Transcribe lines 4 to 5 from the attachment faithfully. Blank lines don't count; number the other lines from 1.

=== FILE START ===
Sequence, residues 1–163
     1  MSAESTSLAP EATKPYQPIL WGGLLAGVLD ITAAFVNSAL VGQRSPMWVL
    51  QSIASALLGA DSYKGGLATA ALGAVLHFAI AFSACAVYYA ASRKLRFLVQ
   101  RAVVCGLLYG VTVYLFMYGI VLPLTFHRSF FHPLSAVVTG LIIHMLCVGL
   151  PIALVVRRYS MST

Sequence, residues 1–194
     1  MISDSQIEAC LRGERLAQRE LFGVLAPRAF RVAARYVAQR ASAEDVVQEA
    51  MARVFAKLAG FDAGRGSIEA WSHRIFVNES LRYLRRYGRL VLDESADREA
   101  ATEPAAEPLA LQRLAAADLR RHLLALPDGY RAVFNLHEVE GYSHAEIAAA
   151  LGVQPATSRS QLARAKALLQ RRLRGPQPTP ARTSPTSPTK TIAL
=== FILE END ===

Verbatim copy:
   101  RAVVCGLLYG VTVYLFMYGI VLPLTFHRSF FHPLSAVVTG LIIHMLCVGL
   151  PIALVVRRYS MST